The following is a post by Tim Elmore of Growing Leaders. As you read it, consider what we can learn about our faith formation from these insights on the next generation. To view the original post, click here.

I recently spoke to a hitting coach for a professional baseball team. He told me how he’d tried to help a 19-year-old minor leaguer change his swing. After trying his suggestion three times, the player tossed down the bat saying, “It doesn’t work.”

The hitting coach replied, “But you gave it just three swings.”

“I know, and it doesn’t work,” retorted the frustrated player.

“But it’s gonna take you three thousand swings to get it right!” the coach exclaimed.

Such is the new dialogue coaches are having with today’s new breed of athlete. These players are not stupid or slow or untalented — they’ve just grown up in a world where they often get what they want with a quick click. A Google search. A single step.

In this world, it’s challenging to get young athletes to love the process. You know what I mean, don’t you? Excelling in any sport means you commit to a grueling process of preparation and habit. It’s not glitzy or glamorous, and few fans are likely watching. This is difficult for a generation of gifted athletes, where so much has come quickly and easily. To make matters worse, the media conditions them with constant pings on their smart phone, causing dopamine spikes in their systems. Consider today’s media:

  • We live in a day of one-minute highlight reels on SportsCenter. We watch Lebron James or Peyton Manning dunk shots and pass for touchdowns but never watch them put in the hours that enabled them to achieve such feats.
  • We live in a day of Instagram, Snapchat, microwave ovens, fast food, ATMs and high-speed Internet access. We don’t have to wait on too much or get too bored.
  • We live in a day of “before” and “after” photos — where people have lost weight or gotten toned or won prizes — but we only see the half-minute commercials. No details.

In 2000, adolescent attention spans were 12 seconds. Today, they are 6-8 seconds. They have dropped almost in half. While it’s not hard to capture your athlete’s attention, it is very hard to keeptheir attention. Is it any wonder why coaches or trainers must work so tenaciously to get them to stay in the conditioning process between games?

The Generation iY SCENE

Let me summarize the challenge in two columns below. The left side captures the world (the SCENE) we’ve created thanks to technology and parenting styles. The right side, however, reminds us of the unintended consequences of that scene:

Their World is Full of: Consequently, They Can Assume:
S – Speed Slow is bad.
C – Convenience Hard is bad.
E – Entertainment Boring is bad.
N – Nurture Risk is bad.
E – Entitlement Labor is bad.

How Do We Help Them Embrace the Process?

Consider this analogy. In many ways, the slow, boring and challenging process athletes must experience can be compared to the Bonsai Tree. Do you remember how it grows? Bonsai trees are beautiful to look at, but they require lots of care and shaping in order to attain that beauty. In the year 970, the Japanese book The Tale of the Hollow Tree included this passage: “A tree that’s left growing in its natural state is a crude thing. It is only when it is kept close to human beings who fashion it with loving care that its shape and style acquire the ability to move onward and grow well.”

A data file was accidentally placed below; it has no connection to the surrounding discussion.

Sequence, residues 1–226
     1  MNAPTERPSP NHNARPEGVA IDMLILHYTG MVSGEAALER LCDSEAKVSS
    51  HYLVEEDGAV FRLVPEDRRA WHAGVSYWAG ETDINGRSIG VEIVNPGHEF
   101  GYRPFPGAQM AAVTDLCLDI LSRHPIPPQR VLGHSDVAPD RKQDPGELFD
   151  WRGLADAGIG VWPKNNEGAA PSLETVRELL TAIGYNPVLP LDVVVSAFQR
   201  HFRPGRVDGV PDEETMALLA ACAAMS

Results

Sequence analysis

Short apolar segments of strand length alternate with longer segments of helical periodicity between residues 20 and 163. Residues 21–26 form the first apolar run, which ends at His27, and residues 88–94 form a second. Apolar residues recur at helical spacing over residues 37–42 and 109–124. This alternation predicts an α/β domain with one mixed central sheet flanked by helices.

What’s most intriguing to me is that many types of Bonsai trees grow roots as deeply as possible before showing any visible signs of growth. In other words, at first the growth is below the surface, so that the tree can establish its foundation before shooting up and out with beautiful branches and leaves. The growth is invisible for months, but then this incredible tree shoots up and outward visibly. Roots come first, then come branches.

This is a picture of the process. It’s often invisible at first — you have to learn to trust the process, or you’ll give up. It’s hard to engage in a process when we don’t see results, as we want a payoff. Below are six steps athletes can take to begin to embrace the process.

Six Steps to Engage in the Process:

  1. Set Micro Goals.

These are simply a set of smaller goals that are reachable each day or each week. They allow athletes to put “wins” under their belt quickly and spur them on to larger goals.

  1. Do something slightly different every 6 seconds.

During practice, re-arrange segments where athletes literally do something different every six seconds—about their attention span. Once these speed drills are complete, lengthen them.

  1. Focus on mini decisions and mini steps.

This is a second cousin to step one. Instruct athletes to make mini-decisions that lead to a maxi-decision. This helps them take small but incremental steps toward a larger goal.

  1. Simulate the “event” in practice regularly.

Because the “event” (the competition) is why most athletes join the team, take time to simulate (or create) game moments and debrief them. Both experience and reflection are key.

  1. Celebrate any and all visible progress.

One reason the process is hard is that we only celebrate the “game,” not the practice. Try celebrating any measurable progress, with tangible rewards and affirmation.

  1. Lose the “lottery mindset” and see discipline as a bridge. 

If needed, constantly re-calibrate their minds. Help them to ditch the “lottery” mindset that believes they’ll “fall into greatness overnight.” Discipline is like a bridge, taking them from where they are to where they want to be. No matter where they want to go, they’ll likely have to cross the bridge called “discipline.” (This is one of our Habitudes®.)